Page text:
After two years featuring a steady stream of recalls, it may have come as no surprise to many when American Regent temporarily closed its doors at the end of 2012. Unsurprising, too, was the drug shortage that followed: a dearth of injectable drugs used in total parenteral nutrition (TPN). The FDA announced Wednesday that it had a plan in place, assuring that imports would be arriving and available to patients this week.
In the announcement, the FDA said it was exercising regulatory discretion for the U.S. division of Fresenius Kabi to import trace elements and phosphate injection for TPN from its Norway plant. TPN, an intravenous food solution, is most commonly used by infants, but the shortage has also affected adult cancer and surgery patients who are unable to eat or drink by mouth.
"TPN component shortages have been a high priority for the agency. Since the onset of these shortages, the FDA has been very concerned about the dwindling supply of injectable nutrition products and the effect this is having on children's hospitals treating vulnerable patients," Valerie Jensen, associate director of the Drug Shortage Program in the FDA's Center for Drug Evaluation and Research, said in a statement. "We believe the import of these injectable nutrition drugs is going to meet current supply needs over the coming weeks."
American Regent, a division of Luitpold Pharmaceuticals owned by Daiichi Sankyo, first faced challenges in 2010, when it was forced to make two product recalls for sodium bicarbonate vials containing particles. And the problems persisted; by 2012, the company had issued recalls related to glass chips and, later, silicon particles as well. The FDA said it began looking for ways to increase TPN supply upon learning of American Regent's shutdown, as the company is a large producer. But Fresenius Kabi USA is not totally in the clear, either. The company has had its own issues with particle contamination. On Wednesday, Fresenius alerted regulators of a recall of one lot of its Magnesium Sulfate Injection due to the presence of glass, according to the FDA.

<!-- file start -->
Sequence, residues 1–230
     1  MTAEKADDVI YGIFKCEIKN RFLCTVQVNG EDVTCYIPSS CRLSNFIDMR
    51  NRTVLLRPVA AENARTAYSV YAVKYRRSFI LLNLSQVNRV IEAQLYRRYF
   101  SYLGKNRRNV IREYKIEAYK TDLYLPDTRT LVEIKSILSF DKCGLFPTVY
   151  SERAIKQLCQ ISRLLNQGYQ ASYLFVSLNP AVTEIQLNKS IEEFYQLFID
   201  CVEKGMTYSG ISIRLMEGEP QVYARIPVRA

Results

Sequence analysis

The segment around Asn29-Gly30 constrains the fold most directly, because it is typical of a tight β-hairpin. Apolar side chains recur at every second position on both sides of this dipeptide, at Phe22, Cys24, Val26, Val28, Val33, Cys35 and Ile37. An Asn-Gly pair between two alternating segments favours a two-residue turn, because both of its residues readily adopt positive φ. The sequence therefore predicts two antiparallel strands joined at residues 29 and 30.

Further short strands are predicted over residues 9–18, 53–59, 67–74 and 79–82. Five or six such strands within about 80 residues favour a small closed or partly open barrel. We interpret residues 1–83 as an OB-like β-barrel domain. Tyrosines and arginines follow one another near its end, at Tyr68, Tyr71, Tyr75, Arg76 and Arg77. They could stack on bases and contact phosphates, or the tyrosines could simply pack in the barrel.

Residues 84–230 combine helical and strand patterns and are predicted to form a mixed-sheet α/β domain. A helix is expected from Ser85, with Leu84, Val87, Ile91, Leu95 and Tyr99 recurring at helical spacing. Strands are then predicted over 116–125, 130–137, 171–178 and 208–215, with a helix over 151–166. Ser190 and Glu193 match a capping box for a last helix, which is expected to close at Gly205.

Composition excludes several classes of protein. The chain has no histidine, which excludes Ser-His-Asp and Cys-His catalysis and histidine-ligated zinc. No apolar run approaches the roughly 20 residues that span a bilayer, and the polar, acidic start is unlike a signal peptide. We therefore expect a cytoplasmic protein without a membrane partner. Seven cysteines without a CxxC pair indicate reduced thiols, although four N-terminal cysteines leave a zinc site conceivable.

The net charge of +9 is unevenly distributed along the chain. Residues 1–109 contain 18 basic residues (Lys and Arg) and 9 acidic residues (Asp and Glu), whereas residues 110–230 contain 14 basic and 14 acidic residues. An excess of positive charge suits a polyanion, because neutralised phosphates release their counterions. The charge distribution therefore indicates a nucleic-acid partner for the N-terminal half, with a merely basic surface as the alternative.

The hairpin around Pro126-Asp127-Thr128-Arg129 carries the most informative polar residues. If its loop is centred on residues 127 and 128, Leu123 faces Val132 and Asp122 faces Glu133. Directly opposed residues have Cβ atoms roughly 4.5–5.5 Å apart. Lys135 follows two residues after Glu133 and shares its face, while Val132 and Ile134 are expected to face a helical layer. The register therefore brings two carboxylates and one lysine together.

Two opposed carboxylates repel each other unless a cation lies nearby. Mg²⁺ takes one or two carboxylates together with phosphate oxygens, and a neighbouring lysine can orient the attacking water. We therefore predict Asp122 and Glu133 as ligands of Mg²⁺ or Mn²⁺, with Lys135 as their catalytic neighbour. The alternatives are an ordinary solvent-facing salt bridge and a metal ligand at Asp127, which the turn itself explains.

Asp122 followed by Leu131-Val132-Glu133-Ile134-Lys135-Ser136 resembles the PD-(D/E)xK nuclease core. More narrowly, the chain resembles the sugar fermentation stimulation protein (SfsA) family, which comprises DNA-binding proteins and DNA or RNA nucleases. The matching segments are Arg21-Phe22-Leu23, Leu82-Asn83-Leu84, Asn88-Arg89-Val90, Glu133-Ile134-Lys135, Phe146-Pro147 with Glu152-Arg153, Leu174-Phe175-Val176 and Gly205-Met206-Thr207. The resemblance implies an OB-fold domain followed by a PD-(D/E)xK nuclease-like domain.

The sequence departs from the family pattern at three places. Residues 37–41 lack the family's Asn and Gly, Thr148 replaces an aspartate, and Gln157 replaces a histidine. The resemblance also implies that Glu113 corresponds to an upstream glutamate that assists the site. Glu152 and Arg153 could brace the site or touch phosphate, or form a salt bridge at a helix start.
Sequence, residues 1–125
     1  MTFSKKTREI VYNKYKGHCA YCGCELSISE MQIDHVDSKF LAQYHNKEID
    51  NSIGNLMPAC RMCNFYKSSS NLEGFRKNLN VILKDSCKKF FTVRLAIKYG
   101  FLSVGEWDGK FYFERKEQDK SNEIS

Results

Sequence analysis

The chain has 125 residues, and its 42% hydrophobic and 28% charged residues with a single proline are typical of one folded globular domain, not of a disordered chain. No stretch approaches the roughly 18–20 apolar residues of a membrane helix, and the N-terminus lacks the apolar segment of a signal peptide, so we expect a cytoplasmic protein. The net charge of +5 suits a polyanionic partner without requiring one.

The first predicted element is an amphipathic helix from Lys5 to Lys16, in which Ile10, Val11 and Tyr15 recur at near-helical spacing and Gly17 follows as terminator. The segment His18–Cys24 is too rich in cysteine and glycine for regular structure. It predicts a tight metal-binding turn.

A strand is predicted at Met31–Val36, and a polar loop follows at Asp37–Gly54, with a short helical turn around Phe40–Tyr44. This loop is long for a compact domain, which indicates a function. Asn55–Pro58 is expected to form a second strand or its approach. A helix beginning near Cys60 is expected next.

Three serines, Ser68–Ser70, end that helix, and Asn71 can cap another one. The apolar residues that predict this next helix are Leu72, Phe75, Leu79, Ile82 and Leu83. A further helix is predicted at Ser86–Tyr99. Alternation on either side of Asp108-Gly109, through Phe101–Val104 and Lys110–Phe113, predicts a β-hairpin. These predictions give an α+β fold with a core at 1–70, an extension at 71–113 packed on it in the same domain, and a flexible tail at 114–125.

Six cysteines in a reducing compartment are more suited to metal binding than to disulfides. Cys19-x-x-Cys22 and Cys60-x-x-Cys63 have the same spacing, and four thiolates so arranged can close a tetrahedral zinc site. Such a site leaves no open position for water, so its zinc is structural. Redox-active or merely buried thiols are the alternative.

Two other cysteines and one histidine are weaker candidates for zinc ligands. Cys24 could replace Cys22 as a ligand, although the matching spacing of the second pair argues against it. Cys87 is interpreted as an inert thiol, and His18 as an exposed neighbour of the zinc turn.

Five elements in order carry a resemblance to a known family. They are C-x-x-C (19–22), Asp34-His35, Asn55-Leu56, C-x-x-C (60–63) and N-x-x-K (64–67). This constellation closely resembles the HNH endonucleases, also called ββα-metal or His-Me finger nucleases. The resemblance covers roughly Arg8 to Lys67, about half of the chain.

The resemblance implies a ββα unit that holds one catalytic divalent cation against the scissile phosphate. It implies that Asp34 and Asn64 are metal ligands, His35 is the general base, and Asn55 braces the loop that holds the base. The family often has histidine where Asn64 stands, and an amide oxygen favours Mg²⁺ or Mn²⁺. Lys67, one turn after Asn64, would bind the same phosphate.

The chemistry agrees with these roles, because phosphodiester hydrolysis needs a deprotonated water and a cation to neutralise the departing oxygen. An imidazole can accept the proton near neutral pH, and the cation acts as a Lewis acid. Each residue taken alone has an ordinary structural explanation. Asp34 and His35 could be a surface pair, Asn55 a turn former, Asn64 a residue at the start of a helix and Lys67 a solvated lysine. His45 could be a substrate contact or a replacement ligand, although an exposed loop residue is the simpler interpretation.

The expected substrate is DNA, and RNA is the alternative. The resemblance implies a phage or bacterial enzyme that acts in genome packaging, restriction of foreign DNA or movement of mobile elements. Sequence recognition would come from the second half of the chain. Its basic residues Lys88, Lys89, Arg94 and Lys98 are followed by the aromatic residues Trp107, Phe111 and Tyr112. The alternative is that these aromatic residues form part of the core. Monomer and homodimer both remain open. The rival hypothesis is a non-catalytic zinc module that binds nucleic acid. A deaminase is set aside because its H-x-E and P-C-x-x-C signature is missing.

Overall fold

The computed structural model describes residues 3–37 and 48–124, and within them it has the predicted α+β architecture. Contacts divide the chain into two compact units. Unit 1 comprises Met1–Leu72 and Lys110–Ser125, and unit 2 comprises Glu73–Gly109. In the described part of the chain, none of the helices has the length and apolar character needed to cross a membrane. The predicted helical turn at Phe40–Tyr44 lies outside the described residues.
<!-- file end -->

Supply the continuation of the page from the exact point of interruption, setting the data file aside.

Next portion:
This is not the first time this year the FDA has relied on imports to combat a drug shortage. For nearly a year, the FDA had been allowing Sun Pharma to import an unapproved version of generic Doxil to ease a shortage of the Johnson & Johnson ($JNJ) cancer drug before it fast-tracked approval of the Sun version this February. "While we have made progress on the critical issue of drug shortages, we remain extremely concerned about all current and potential drug shortages, and we are vigilant in our efforts so patients have access to the medicines they need, when they need them," FDA Commissioner Margaret Hamburg said. "The FDA is doing all it can, using every tool we have to resolve and prevent drug shortages."
Special Report: Daiichi Sankyo/Luitpold Pharmaceuticals/American Regent - Fierce's 2011 warning letters report
Editor's note: This story has been updated with information on Fresenius Kabi USA's Magnesium Sulfate Injection recall.